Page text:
Already, the Mail & Guardian has shrunk its editorial staff from 60 to 41 while Alpha Media Holdings (AMH) in Zimbabwe has ditched more than 30 staffers in the past three months.
Some senior journalists, including the science editor, online news editor, three sub-editors and multimedia editor opted for voluntary packages at the Mail & Guardian as the company hit hard times.
However, they are yet to receive their severance packages.
“More than 20 people have accepted voluntary retrenchment packages but by the end of September most of them were frantically calling, demanding to be paid their package, which amounts to dismissal by subterfuge.
“Some have threatened legal and other action if not paid. Some were ultimately paid half and less of their packages with the promise that the rest would be paid soon,” a source said.
Claims are that when crisis hits hard, the company taps into donor money aimed for the health desk and AmaBhungani. AmaBhungani has reportedly cut ties with the M&G due to non-payment and the publication abusing its donor funding.
Ncube did not respond to written questions sent to him on Monday and several telephone calls and messages sent to him while the Mail & Guardian CEO, Hoosain Karjieker, promised to respond but never did.
Ncube’s Zimbabwe company Alpha Media Holdings (AMH) has also been hit by hard times.
AMH runs The Independent, The Standard and Newsday newspapers and is allegedly struggling to pay its workers with staff claiming they only got half their salaries for August last week.
In the past three months, AMH has reportedly retrenched nearly half of its staff.The group also used to cover 75% of the workers’ medical aid but reduced that to 50% while allowances such as transport, housing and education are now considered a luxury and have been scrapped.
“They also cut salaries for managers. For instance, they are no longer paying fees for their children, they stopped paying their DStv subscriptions and they no longer get fuel,” the source said.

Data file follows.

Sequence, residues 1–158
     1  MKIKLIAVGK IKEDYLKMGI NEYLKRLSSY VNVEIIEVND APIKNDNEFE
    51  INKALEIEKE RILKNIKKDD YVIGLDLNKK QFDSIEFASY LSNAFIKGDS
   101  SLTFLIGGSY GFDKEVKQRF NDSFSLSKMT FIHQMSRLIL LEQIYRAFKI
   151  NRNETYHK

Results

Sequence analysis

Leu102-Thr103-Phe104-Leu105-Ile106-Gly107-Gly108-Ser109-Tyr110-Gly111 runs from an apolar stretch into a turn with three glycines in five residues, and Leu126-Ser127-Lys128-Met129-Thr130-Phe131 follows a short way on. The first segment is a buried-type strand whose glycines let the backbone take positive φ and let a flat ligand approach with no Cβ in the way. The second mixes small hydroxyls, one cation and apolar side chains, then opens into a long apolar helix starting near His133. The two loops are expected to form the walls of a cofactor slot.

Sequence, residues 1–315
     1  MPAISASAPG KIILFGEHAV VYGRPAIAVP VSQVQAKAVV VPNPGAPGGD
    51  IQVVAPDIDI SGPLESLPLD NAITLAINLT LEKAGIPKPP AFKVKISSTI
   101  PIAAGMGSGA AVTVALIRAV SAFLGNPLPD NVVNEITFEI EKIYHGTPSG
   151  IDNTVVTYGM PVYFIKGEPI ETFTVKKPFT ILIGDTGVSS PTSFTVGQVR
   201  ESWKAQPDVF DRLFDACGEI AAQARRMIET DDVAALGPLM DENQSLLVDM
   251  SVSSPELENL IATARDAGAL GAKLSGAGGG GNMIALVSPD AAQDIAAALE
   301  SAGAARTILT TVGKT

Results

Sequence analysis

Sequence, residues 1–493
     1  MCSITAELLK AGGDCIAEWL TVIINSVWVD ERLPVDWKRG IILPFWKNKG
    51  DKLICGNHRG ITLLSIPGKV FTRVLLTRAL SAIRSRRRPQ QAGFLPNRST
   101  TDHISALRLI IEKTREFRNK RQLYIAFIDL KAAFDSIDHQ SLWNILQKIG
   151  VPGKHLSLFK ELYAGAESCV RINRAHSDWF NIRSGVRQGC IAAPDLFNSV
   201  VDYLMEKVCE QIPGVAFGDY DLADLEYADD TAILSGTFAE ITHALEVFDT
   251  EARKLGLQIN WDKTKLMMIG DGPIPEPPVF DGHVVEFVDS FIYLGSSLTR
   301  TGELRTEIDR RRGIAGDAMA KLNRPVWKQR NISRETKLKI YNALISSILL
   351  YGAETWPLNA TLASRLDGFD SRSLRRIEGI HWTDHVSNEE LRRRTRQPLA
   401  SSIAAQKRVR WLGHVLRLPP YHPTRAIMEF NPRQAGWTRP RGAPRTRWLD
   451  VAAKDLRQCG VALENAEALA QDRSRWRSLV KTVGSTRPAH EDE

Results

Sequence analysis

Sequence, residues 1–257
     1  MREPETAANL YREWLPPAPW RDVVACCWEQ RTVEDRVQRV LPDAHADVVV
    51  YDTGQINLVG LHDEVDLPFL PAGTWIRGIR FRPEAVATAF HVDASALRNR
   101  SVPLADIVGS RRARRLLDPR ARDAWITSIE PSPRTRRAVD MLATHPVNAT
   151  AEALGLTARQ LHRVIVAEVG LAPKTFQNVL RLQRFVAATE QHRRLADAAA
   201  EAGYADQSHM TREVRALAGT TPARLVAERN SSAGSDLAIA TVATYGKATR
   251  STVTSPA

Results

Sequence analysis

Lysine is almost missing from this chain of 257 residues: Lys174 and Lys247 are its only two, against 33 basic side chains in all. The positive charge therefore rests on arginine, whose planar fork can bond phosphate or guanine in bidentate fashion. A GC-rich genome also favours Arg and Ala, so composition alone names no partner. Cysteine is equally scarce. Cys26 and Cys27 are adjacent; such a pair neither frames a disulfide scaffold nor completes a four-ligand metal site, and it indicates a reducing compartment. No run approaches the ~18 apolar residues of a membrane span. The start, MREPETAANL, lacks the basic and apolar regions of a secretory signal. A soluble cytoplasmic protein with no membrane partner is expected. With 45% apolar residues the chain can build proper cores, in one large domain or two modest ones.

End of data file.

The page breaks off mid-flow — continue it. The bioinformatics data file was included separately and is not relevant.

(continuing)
The Bulawayo publication, Southern Eye, was closed.
“They pay half salaries all the time. Just last week they were paying half of the August salaries. There were voluntary retrenchments in 2013 and a lot of people took packages,” the source said.
Sources claim Media mogul Trevor Ncube has purchased a R10m house while employees at his media houses are not paid on time
» Ncube travels every week in business class and stays in five-star hotels
» He insists on attending the World Economic Forum and other world events while his reporters cannot travel outside the province to do stories
» He is paid more than R200000 a month and the company is reportedly paying some of his household expenses
» He has a personal coach and uses overseas consultants who are paid first before anyone else
» The commercial team is threatening to embark on a go-slow unless their commissions are paid. They were also asked to take salary cuts
» Freelancers and everyday contributors send emails to the finance department about non-payment. Some columnists have stopped and refused to work for M&G
» Meanwhile, reports are that Ncube is considering selling M&G. A few months ago, he closed down his Bulawayo publication Southern Eye. Some of his reporters in Zimbabwe claim they earn as little as $500 (R6800) a month.TheZimbabwemail